Tranquilly my pair look on, chewing crumpets, and tranquilly they retire to bed with their teddy bears. Disney and Harry Potter have trained them to watch extinction with a steady eye.
Last night, though, they were traumatised. Night lights had to be improvised and guardian angels invoked. But last night there were no cartoon bodies hurled from heights and no Lord of the Dark Arts felling foe. They had watched a fetching evacuee bond with a fetching old man in a glorious flintstone village in Buckinghamshire.
In one scene in Goodnight Mr Tom, the evacuee's mother had served him a tea of boiled eggs. I sometimes serve my children a tea of boiled eggs. She'd leaned up close and fondly and her son had presented her with a picture he'd painted her, just as my children often do for me. Only the gesture turned the mother into a monster and she raged and abused him and my children looked on, faces frozen in appalled incredulity.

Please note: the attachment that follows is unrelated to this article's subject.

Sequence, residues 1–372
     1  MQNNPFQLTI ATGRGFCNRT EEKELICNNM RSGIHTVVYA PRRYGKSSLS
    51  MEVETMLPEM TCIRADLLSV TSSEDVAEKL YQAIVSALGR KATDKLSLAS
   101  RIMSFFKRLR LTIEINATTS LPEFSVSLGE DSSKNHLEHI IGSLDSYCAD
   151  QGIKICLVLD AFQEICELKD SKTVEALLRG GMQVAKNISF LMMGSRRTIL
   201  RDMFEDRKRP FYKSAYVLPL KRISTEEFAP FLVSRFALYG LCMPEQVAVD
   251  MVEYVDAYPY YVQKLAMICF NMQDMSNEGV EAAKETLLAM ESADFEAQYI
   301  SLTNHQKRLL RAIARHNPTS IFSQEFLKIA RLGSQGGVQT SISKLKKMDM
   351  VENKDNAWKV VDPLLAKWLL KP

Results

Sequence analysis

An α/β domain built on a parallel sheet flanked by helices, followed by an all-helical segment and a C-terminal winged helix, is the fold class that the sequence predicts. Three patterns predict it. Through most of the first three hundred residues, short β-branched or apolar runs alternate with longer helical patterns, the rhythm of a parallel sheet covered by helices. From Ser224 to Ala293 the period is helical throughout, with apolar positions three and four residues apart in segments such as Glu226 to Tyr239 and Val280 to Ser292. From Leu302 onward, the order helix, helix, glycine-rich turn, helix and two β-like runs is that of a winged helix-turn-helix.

They can cope with on-screen carnage secure in anticipation of a dose of Enid Blyton and a goodnight cuddle. But the notion of a treacherous mother is a horror too hard for them to handle.
I am gratified at this reminder of my significance and frightened by the weight of my responsibility. When I bawl out my babies for bedroom chaos or abandoned peas, and when I harry them to bed because I'm too tired to be kindly, I hear echoes of that irascible mother in me. I worry that one day, through exhaustion, or boredom or inattention I will let them down.
And so I have hidden Goodnight Mr Tom behind 12 espisodes of The Doris Day Show and I have dusted down an abandoned VHS tape of Snow White. I'm hopeful that that murderous, glamorous stepmother is so safely removed from the reality of me that she'll console my terrorised children and bolster my faith in my own mothering.